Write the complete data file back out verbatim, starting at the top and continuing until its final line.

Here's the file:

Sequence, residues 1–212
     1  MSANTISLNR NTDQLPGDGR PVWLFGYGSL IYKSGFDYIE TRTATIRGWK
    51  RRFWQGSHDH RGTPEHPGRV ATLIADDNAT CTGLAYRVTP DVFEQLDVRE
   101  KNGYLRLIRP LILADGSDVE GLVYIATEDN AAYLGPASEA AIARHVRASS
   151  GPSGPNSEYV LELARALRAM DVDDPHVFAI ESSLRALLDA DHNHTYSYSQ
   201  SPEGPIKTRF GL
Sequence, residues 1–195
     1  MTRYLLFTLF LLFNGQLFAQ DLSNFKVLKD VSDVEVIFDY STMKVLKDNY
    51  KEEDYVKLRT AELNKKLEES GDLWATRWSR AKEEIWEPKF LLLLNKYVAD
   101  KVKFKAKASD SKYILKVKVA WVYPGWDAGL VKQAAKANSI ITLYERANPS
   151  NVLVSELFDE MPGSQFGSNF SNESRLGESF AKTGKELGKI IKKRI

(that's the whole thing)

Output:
Sequence, residues 1–212
     1  MSANTISLNR NTDQLPGDGR PVWLFGYGSL IYKSGFDYIE TRTATIRGWK
    51  RRFWQGSHDH RGTPEHPGRV ATLIADDNAT CTGLAYRVTP DVFEQLDVRE
   101  KNGYLRLIRP LILADGSDVE GLVYIATEDN AAYLGPASEA AIARHVRASS
   151  GPSGPNSEYV LELARALRAM DVDDPHVFAI ESSLRALLDA DHNHTYSYSQ
   201  SPEGPIKTRF GL
Sequence, residues 1–195
     1  MTRYLLFTLF LLFNGQLFAQ DLSNFKVLKD VSDVEVIFDY STMKVLKDNY
    51  KEEDYVKLRT AELNKKLEES GDLWATRWSR AKEEIWEPKF LLLLNKYVAD
   101  KVKFKAKASD SKYILKVKVA WVYPGWDAGL VKQAAKANSI ITLYERANPS
   151  NVLVSELFDE MPGSQFGSNF SNESRLGESF AKTGKELGKI IKKRI